Solar power took a dip in the United States when the total eclipse swept across the country Monday (Aug. 21), as a new video shows.
As the solar eclipse moved from coast to coast, solar-energy generation dropped. The map shows the hottest zones — in dark orange — fading to nothingness as the moon covers the sun overhead, and then slowly coming back as the eclipse concludes.
The video was released by SolarEdge, a company that sells equipment that's designed to work with solar photovoltaic (PV) cells. It has 300,000 systems across the country.
"The solar eclipse reminded us all today of the importance of sunlight in our lives," SolarEdge said in a statement. "With solar energy now having greater significance for national power generation, we were able to track the path of the eclipse by monitoring energy production from PV systems."
While SolarEdge did not reveal exactly how much solar power was lost from its systems during the event, Mark Chediak, Naureen Malik and Brian Eckhouse reported at Bloomberg that across the country, about 12,000 megawatts of electricity come from solar power. The eclipse was billed as a major test of solar-power generation in the United States — a test that the country passed, they wrote.
In solar-heavy California, for example, the state reportedly used gas plants and hydropower generators, because these are systems that can be brought online quickly in the case of an outage. The state also urged users to conserve energy during the eclipse, to ease the burden on the grid.
The next major test of the grid will come in 2024, when a total solar eclipse crosses the United States through a swath that includes the population-heavy Eastern Seaboard. The affected states will include Texas, Oklahoma, Arkansas, Missouri, Illinois, Kentucky, Indiana, Michigan, Ohio, Pennsylvania, New York, Vermont, New Hampshire and Maine.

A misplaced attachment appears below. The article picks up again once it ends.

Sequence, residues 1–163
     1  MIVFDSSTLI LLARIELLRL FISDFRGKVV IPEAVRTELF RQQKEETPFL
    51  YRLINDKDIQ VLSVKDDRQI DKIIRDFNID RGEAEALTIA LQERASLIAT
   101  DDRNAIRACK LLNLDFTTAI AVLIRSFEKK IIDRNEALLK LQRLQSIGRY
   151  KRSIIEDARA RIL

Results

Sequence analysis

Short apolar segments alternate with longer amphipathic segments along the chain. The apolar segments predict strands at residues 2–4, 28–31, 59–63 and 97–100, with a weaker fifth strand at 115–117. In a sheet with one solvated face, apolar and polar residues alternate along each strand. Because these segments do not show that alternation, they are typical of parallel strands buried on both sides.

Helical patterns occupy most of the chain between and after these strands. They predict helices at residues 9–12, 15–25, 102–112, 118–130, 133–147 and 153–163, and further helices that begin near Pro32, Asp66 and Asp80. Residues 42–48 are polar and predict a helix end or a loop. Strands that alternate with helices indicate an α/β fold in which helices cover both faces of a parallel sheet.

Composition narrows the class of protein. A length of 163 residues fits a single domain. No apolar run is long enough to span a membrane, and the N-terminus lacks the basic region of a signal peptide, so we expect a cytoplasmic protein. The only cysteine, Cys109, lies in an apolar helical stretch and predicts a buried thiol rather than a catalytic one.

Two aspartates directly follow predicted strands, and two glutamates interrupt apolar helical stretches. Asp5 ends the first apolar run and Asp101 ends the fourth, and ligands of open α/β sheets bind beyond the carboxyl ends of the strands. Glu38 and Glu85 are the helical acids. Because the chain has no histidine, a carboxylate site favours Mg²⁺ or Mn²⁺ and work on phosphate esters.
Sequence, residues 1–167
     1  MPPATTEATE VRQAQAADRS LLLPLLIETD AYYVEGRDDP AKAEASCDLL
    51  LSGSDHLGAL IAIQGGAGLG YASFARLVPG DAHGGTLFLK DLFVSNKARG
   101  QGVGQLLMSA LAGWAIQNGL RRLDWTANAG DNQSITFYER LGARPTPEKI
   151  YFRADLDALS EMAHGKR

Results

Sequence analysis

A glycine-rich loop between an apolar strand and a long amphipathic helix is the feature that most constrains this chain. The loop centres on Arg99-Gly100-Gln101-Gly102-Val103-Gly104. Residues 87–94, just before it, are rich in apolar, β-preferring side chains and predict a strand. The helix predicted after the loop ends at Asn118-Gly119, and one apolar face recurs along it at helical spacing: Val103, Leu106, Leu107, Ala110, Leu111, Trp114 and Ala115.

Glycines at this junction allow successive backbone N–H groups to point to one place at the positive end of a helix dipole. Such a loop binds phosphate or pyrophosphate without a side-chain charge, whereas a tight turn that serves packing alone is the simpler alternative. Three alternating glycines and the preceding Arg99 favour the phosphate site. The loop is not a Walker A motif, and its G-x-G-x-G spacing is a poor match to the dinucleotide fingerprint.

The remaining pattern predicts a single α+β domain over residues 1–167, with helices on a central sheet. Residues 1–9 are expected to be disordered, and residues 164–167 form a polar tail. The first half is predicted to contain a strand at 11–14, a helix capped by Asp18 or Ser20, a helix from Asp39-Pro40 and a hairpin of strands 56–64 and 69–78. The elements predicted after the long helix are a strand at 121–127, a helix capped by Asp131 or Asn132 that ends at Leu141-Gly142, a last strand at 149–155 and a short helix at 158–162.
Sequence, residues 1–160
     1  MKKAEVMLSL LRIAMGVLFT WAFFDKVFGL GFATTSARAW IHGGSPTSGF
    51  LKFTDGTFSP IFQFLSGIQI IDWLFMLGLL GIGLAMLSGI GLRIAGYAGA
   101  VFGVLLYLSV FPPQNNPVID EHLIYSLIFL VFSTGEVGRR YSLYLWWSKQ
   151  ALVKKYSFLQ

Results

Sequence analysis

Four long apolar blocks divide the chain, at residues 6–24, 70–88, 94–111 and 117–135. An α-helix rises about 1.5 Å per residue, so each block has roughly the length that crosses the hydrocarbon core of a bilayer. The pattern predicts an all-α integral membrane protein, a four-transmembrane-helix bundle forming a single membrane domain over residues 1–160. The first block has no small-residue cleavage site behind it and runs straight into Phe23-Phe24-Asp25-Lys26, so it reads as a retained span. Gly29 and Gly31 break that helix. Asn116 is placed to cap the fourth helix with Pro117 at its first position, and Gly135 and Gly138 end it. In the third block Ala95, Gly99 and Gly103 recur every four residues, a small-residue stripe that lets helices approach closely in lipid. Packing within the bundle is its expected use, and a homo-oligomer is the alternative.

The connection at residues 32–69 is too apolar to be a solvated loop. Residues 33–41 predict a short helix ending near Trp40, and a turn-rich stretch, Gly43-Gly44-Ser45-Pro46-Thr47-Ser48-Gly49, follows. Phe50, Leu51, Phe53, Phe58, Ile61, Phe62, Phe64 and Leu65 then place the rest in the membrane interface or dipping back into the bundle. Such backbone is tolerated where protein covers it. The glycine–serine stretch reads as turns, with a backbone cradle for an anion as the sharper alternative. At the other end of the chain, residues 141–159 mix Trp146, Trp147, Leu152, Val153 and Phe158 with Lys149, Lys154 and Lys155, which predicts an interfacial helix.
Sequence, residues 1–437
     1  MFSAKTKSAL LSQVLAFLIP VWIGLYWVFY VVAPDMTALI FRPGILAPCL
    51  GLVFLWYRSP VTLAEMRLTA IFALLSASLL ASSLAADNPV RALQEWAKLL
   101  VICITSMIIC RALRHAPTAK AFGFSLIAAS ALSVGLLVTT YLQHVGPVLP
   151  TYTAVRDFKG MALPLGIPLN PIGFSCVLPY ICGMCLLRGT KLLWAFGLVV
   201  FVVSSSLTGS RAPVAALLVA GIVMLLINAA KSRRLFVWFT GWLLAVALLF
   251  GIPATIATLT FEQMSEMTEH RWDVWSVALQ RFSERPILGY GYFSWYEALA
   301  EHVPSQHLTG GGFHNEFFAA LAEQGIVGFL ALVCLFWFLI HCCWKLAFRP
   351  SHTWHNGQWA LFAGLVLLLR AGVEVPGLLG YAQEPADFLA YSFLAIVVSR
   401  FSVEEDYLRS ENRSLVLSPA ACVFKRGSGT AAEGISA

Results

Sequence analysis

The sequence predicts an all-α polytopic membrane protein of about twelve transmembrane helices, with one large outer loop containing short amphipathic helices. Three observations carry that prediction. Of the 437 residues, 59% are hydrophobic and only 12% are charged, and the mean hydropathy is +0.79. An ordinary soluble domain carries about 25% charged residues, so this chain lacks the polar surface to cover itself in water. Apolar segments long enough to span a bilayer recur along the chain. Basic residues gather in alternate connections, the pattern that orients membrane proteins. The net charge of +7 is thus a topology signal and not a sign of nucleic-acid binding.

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Elizabeth Howell (she/her), Ph.D., is a staff writer in the spaceflight channel since 2022 covering diversity, education and gaming as well. She was contributing writer for Space.com for 10 years before joining full-time. Elizabeth's reporting includes multiple exclusives with the White House and Office of the Vice-President of the United States, an exclusive conversation with aspiring space tourist (and NSYNC bassist) Lance Bass, speaking several times with the International Space Station, witnessing five human spaceflight launches on two continents, flying parabolic, working inside a spacesuit, and participating in a simulated Mars mission. Her latest book, "Why Am I Taller?", is co-written with astronaut Dave Williams. Elizabeth holds a Ph.D. and M.Sc. in Space Studies from the University of North Dakota, a Bachelor of Journalism from Canada's Carleton University and a Bachelor of History from Canada's Athabasca University. Elizabeth is also a post-secondary instructor in communications and science at several institutions since 2015; her experience includes developing and teaching an astronomy course at Canada's Algonquin College (with Indigenous content as well) to more than 1,000 students since 2020. Elizabeth first got interested in space after watching the movie Apollo 13 in 1996, and still wants to be an astronaut someday. Mastodon: https://qoto.org/@howellspace